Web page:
The money may be long gone- that is not the point. The point is that Michael sued on Terri's behalf for money for her therapy- and once he got the money, he denied her the therapy. He wasn't arguing that she was incapable of benefiting from therapy until after he received loads of money for the purpose of providing her therapy. He didn't remember that she had allegedly mentioned in an off-hand way at one time that she'd rather die than live that way until after he got a lot of money for her behalf- that he then did not use on her behalf.
Even *if* she did say she'd rather die than live in a coma (and this is highly debatable), that to me does not argue that she actually meant she'd rather be starved to death and denied hydration than live in her current circumstances. I'd rather be killed outright, too- but by that I do _not_ mean that if I am not killed outright at the time of an injury or sudden heart attack that I hope somebody mercilessly starves me to death or denies me hydration.

Starving a person to death is wrong. It really doesn't matter if the law treats a feeding tube the same as a ventilator- if that is true, it's wrong. Laws have been immoral in the past and they can be immoral today. Nobody should die the way Michael is trying to kill Terri. Her parents want to take her home and care for her. There is no evidence that Terri would prefer to be starved to death. This is an issue of right and wrong, not whether something is legal or not. It was once legal to forcibly sterilize people with a history of shoplifting or prostitution- that didn't make it right.

It is wrong to starve Terri to death. Wrong.

IT'S ABOUT TIME!!!!<p... (Below threshold)
fgirstbrokenangel:

IT'S ABOUT TIME!!!!


Cindy


IF I WANT TO TYPE ALL CAPS,... (Below threshold)
fgirstbrokenangel:

IF I WANT TO TYPE ALL CAPS, I WILL!!! To Cindy of the 2nd comment, so far I've been the only Cindy here so since you're kinda new, add to your name like Cindy2 so people won't get us mixed up.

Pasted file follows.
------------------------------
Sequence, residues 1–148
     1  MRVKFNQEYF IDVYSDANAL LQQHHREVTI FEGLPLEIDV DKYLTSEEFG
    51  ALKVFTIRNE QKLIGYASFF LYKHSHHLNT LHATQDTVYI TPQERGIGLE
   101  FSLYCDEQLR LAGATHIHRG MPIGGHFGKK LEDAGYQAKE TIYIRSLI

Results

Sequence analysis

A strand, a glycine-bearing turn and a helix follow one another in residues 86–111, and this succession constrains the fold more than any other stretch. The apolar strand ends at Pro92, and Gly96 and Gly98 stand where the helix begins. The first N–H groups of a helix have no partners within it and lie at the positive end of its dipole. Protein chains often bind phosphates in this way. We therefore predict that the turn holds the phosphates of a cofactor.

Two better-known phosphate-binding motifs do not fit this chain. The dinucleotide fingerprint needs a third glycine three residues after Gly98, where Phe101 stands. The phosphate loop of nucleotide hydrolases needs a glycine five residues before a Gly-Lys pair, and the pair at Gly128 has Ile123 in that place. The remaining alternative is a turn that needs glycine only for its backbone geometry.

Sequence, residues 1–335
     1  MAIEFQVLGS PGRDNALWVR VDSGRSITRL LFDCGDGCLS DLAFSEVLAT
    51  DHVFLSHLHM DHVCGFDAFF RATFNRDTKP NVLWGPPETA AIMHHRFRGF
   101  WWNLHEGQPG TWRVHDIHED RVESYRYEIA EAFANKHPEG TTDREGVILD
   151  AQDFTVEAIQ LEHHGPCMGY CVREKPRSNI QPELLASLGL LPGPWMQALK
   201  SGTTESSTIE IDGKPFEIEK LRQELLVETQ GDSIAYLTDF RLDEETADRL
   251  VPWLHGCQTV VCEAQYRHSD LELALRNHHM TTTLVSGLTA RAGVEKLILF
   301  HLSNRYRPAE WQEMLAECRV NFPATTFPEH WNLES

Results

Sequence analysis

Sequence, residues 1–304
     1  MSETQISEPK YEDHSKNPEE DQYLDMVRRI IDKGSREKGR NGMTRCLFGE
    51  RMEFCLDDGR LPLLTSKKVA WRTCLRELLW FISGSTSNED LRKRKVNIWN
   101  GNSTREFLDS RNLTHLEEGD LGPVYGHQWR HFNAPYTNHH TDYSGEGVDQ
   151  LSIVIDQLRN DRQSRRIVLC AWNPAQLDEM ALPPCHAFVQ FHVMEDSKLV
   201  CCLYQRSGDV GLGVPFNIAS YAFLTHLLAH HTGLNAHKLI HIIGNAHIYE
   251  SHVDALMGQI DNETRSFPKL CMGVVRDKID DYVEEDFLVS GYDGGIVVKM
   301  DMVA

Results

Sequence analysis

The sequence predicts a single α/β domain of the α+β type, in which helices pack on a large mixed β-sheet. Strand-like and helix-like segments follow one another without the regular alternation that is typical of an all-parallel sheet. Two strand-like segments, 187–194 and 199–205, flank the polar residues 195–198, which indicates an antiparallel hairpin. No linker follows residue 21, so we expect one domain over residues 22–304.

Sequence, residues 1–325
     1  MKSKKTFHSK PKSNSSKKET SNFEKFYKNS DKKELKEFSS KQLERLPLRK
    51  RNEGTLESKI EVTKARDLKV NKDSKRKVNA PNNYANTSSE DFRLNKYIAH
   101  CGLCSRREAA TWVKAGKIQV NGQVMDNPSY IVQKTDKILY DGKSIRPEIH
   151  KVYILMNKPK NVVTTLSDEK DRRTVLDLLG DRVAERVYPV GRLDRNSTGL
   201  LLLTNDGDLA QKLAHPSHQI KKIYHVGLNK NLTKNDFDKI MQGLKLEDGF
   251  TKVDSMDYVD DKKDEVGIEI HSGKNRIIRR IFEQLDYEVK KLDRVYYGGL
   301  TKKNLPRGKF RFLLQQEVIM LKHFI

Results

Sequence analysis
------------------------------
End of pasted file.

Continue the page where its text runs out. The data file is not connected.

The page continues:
Thanks

Cindy

IF I WANT TO TYPE ALL CA... (Below threshold)

IF I WANT TO TYPE ALL CAPS, I WILL!!!

And if we want to ignore you because of it, we will.

More on Terri's case:... (Below threshold)
WendiSue:

More on Terri's case:
http://www.nationalreview.com/comment/comment-smith090503.asp
From the website:
"Michael filed a medical-malpractice lawsuit, during which he said he would care for her for the rest of her life, which, assuming proper care, would be a normal lifespan. He also presented at trial a medical-rehabilitation expert who had developed a plan to provide support for Terri to maximize her ability to respond to her environment.
A jury awarded $1.3 million in the malpractice case, of which $750,000 was put in trust to pay for the kind of care that Michael promised to provide Terri.
Michael never kept his promise.
Within months of the money being deposited in the bank, Michael ordered a do-not-resuscitate order placed on Terri's chart. He has also repeatedly denied her other forms of medical care, such as treatment for infections.